But when we’re talking about data collected from multiple outbreaks over years and decades, the idea that the difference in infection rates between the vaccinated and the unvaccinated can be explained by such factors is simply not reasonable.

    * these being characteristics of these specific communities, not necessarily of Hasidic Jews in general.

    or the power of suggestion (the placebo effect), perhaps?

    Vaccinations work by teaching the immune system how to make antibodies against a particular pathogen, before the immune system encounters that pathogen in the wild. You can then actually do an antibody titer test and sample that person’s blood and find the actual antibodies. Sometimes you can even tell from the antibodies which specific strain they were exposed to.

    Even if we assumed, for the sake of argument, that someone’s body could produce antibodies just because it had been suggested to their mind that they were now healthier… how would the body know which antibodies it should make? If I’m getting a placebo solution injected into my arm, and I’ve merely been told that it’s actually an attenuated strain of measles, how is my body able to create the antibody appropriate to a strain of measles that in fact it’s never encountered? I can guarantee you it’s not because I have an idea what the makeup of that virus is as opposed to any other strain.

    The placebo effect is a plausible explanation in situations where the effect observed is subjective, e.g., when you suggest to someone that the “remedy” they are receiving will take away their pain, they will perceive themselves as being in less pain. It is also a plausible explanation when the effect can be produced through behavior, e.g., if someone gets a placebo and is told it will give them more energy, they’re more likely to go out and exercise more, and regular exercise gives you more energy.

    It isn’t a plausible explanation for why people who get vaccinated develop the antibodies they’re supposed to. And it doesn’t explain the results of placebo-controlled vaccine trials, where all groups are given the same expectations about what they’ve received but the group that gets the placebo doesn’t show the resistance to the disease of the group that got the actual vaccine.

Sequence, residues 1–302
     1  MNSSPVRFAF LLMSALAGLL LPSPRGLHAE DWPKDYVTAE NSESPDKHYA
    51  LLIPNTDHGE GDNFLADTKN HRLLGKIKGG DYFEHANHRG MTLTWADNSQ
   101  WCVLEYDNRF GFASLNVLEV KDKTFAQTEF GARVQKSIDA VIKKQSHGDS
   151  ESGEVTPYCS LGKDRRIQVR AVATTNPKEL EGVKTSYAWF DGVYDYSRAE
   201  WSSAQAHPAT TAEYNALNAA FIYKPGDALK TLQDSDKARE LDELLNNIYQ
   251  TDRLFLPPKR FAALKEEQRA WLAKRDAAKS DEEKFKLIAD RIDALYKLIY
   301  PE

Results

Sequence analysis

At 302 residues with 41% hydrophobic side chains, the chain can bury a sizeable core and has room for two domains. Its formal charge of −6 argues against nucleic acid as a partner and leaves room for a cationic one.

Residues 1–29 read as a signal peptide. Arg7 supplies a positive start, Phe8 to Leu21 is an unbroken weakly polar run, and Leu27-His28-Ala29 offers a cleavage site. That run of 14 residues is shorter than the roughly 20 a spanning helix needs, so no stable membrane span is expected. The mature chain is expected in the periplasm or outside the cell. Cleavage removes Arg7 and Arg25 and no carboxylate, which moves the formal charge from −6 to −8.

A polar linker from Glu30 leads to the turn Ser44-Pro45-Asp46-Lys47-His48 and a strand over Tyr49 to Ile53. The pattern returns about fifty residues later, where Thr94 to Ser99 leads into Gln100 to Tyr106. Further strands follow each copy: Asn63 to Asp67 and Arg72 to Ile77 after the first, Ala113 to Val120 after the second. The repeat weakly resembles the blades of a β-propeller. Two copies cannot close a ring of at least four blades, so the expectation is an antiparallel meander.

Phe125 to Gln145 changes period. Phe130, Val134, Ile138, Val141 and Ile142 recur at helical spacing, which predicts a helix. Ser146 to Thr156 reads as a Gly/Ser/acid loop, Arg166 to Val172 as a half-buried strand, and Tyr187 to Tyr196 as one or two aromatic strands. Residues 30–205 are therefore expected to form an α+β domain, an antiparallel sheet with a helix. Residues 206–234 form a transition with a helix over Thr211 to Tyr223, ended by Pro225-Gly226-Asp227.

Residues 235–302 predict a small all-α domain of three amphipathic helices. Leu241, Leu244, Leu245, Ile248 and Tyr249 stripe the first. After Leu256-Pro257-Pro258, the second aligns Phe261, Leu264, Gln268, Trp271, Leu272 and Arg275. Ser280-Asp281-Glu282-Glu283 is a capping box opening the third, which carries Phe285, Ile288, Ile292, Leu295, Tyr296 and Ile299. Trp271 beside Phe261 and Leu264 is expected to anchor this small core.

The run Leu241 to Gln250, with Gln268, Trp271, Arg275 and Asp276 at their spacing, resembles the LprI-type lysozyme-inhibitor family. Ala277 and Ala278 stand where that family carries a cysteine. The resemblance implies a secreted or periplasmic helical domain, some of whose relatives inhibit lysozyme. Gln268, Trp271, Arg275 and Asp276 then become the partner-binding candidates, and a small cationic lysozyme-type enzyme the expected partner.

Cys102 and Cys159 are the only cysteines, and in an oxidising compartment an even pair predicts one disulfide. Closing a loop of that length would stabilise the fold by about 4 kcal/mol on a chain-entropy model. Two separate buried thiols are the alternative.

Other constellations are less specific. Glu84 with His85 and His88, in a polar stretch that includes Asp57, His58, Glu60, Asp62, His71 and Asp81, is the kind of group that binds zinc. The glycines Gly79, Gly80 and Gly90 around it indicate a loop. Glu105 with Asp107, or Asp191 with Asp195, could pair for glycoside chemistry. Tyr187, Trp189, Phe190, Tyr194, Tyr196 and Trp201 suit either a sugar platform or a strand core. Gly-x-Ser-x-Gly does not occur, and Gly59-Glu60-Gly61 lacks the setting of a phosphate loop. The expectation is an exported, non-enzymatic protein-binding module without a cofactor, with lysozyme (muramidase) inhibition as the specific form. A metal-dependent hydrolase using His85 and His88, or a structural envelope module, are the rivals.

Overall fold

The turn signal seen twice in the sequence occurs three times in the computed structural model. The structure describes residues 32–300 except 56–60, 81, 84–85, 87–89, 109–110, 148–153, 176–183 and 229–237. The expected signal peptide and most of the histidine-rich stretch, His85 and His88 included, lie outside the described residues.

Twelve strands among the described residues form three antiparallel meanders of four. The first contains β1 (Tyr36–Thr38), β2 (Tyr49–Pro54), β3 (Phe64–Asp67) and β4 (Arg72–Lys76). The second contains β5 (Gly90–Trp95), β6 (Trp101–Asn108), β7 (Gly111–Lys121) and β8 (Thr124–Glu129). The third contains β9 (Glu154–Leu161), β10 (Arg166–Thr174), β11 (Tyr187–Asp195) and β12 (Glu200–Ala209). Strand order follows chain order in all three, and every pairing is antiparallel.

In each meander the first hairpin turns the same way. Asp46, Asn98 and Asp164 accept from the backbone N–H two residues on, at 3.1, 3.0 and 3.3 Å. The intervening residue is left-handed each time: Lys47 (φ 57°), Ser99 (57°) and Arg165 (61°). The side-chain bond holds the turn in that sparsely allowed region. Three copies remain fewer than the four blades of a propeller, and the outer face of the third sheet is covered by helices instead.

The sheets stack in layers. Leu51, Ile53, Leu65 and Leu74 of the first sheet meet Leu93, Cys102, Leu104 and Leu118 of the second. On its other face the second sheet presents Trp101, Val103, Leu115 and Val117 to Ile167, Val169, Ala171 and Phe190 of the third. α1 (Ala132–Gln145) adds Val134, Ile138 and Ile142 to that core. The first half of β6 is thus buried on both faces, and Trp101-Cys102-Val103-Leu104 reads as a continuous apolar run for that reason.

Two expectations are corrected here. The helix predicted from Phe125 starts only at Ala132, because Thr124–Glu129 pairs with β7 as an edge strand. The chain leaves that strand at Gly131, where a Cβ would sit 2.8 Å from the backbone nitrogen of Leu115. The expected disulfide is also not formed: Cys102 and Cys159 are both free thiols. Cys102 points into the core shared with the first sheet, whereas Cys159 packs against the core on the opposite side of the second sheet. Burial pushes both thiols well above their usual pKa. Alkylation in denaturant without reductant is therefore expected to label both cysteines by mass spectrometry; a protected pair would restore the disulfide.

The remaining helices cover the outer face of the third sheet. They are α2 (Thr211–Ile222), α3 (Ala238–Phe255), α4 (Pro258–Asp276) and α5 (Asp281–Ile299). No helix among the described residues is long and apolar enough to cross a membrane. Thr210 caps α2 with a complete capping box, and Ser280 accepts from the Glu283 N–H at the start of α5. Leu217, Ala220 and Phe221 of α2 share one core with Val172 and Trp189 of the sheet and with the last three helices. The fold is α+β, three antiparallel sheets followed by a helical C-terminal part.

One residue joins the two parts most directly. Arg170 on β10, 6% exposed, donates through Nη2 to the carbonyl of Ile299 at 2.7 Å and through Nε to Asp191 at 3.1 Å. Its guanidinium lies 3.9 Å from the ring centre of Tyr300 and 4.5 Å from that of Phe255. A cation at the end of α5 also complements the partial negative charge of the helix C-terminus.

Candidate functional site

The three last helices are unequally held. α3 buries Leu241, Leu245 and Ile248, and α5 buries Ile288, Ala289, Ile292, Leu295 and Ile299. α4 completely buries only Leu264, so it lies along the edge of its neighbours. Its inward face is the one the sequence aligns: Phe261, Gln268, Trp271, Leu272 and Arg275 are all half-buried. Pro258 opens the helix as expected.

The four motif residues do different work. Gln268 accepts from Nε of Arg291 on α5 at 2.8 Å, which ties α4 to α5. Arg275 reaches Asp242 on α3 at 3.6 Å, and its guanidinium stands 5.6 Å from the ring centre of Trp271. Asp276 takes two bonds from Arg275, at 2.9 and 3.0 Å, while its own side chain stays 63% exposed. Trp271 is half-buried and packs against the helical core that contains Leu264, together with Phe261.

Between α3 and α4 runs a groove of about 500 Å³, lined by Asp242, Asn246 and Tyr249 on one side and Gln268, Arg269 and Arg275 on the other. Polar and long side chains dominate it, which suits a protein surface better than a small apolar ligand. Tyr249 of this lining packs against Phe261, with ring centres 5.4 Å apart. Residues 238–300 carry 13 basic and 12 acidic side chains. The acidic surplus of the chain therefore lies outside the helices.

What are the odds that vaccines are actually not only incapable of causing autism, they are not even designed to defend you against viruses, and are just a pure scam/sugar pill and only preys on the ignorance?

    Considering that that “scam” would have had to start back in the time of Edward Jenner, a contemporary of Benjamin Franklin, and have been carried on continuously since with no one spilling the beans over the centuries? Considering that such a “scam” would require that the scammers actually have some method to bring the most dreaded diseases of the world under control, and be employing it, but that instead of saying “here, we have this amazing protection; pay us and we’ll give it to you” they’re saying “here, we have this amazing protection (which we actually do); pay us and we’ll give you what we promised (except we will actually be giving you our scam pill instead; except except we’ll give you the actual protection too, so we’re actually giving you more than we would’ve if we weren’t running a scam of no apparent benefit to us” – zero. Seriously.

    How would a vaccine producer prove to a consumer, who has no means of testing the authenticity of vaccines, that vaccines help fight viruses? I hope you can prove to me, using the scientific method, that this is paranoia.